Factbox: Islam and Islamists in West Africa

By Reuters Staff
June 29, 2012

(Militiaman from the Ansar Dine Islamist militant group sit on a vehicle in Gao in northeastern Mali, June 18, 2012. REUTERS/Adama Diarra)

Al Qaeda-linked Islamists declared on Thursday they had secured full control of Mali’s desert north from separatist rebels with whom they had temporarily joined forces to seize territory earlier this year.

Separatist Tuareg-led MNLA rebels and armed Islamist groups, swept through northern Mali in March and April and declared an independent state of “Azawad” in the north after routing the regular troops, in disarray after a March 22 coup in the West African country.

The Tuareg separatists said they wanted an independent secular state while the Islamists said their objective was to impose sharia or Islamic law across the whole of Mali, which mostly follows a moderate form of Islam.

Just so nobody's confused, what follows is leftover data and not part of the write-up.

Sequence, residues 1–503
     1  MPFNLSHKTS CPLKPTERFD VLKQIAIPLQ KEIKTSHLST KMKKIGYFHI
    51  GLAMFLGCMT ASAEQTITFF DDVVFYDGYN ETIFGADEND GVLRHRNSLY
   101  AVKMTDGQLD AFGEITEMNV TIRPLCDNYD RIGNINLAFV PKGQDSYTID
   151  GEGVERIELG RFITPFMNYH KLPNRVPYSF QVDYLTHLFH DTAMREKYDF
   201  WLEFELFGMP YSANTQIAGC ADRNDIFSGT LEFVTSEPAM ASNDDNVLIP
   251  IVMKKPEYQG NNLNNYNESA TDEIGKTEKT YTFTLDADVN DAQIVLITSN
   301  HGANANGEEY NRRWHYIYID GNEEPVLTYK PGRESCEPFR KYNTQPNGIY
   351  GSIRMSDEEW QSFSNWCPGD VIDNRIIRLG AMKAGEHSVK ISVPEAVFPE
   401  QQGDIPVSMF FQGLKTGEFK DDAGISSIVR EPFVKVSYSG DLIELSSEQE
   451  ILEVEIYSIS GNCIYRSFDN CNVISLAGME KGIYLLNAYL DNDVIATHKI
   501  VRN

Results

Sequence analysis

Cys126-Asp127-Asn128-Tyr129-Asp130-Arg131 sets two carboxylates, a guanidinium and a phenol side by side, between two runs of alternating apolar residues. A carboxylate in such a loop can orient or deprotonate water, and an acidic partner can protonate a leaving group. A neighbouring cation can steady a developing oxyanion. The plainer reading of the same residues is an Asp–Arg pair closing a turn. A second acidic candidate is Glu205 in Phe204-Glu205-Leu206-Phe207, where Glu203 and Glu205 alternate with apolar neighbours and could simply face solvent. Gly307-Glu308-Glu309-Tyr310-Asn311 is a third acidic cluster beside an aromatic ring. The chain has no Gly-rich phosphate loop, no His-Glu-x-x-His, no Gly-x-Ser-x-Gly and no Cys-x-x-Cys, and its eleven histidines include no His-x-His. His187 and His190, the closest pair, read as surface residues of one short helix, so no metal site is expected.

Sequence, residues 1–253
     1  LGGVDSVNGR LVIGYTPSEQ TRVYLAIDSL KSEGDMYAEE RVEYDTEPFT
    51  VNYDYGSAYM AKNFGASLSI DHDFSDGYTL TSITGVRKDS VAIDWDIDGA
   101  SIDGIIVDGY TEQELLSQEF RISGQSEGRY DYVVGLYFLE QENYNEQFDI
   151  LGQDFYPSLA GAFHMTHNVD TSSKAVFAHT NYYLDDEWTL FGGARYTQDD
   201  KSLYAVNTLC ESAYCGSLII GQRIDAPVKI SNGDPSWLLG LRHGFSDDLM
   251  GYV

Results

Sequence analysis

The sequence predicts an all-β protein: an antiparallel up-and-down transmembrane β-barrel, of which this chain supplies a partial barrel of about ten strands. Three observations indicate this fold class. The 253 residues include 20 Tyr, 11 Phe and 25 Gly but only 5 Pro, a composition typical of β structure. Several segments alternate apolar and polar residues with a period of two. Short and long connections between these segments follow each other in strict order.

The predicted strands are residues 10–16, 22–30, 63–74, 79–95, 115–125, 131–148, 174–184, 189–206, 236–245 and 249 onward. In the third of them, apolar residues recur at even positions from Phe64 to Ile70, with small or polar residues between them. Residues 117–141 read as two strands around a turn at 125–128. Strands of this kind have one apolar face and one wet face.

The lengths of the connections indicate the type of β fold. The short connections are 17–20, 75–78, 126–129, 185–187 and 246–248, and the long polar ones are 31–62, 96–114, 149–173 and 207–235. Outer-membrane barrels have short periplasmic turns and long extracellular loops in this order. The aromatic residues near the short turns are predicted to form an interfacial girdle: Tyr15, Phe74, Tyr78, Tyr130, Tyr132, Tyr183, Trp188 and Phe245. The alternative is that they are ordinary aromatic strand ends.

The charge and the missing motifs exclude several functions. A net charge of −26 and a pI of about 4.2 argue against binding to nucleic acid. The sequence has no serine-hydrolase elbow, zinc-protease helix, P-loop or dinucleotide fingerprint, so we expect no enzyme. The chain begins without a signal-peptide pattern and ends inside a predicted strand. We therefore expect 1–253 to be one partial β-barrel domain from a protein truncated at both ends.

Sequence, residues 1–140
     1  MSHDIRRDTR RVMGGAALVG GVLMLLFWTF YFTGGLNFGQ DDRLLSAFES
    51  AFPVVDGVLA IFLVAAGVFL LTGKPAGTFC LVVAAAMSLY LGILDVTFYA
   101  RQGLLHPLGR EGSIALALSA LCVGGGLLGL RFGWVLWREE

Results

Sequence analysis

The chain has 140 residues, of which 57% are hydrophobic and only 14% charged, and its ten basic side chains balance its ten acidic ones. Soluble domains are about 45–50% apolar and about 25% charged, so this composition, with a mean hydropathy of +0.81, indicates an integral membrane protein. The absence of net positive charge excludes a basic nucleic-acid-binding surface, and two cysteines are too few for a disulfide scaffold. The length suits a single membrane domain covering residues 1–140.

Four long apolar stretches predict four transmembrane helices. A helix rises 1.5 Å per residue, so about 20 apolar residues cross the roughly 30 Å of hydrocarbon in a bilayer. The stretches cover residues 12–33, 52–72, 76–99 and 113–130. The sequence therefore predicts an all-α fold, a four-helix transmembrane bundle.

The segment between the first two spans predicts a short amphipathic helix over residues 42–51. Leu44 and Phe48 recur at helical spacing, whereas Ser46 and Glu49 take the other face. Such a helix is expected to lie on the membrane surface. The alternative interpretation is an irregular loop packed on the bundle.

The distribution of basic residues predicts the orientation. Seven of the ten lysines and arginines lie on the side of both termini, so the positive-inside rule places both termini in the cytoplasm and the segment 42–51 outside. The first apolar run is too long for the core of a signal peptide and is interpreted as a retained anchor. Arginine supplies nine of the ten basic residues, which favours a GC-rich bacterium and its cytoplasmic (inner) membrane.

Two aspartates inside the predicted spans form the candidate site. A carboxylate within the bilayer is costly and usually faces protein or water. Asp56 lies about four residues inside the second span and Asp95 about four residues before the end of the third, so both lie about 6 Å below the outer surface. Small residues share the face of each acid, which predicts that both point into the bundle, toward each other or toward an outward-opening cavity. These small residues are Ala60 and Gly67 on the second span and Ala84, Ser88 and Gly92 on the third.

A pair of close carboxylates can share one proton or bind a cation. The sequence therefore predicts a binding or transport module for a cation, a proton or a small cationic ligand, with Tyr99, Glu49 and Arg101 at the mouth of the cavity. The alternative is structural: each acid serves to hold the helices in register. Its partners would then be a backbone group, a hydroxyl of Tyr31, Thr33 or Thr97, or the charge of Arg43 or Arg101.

The relationship between the state and Islam differs significantly across western Africa, in part because of variations in the complex interaction between Islam and ethnic politics.

Here is a factbox on Islam and Islamists in a few West African countries:  Factbox: Islam in West Africa | Reuters.
Follow RTRFaithWorld via Twitter Follow all posts on Twitter @ RTRFaithWorld

rss button Follow all posts via RSS

No comments so far

We welcome comments that advance the story through relevant opinion, anecdotes, links and data. If you see a comment that you believe is irrelevant or inappropriate, you can flag it to our editors by using the report abuse links. Views expressed in the comments do not represent those of Reuters. For more information on our comment policy, see http://blogs.reuters.com/fulldisclosure/2010/09/27/toward-a-more-thoughtful-conversation-on-stories/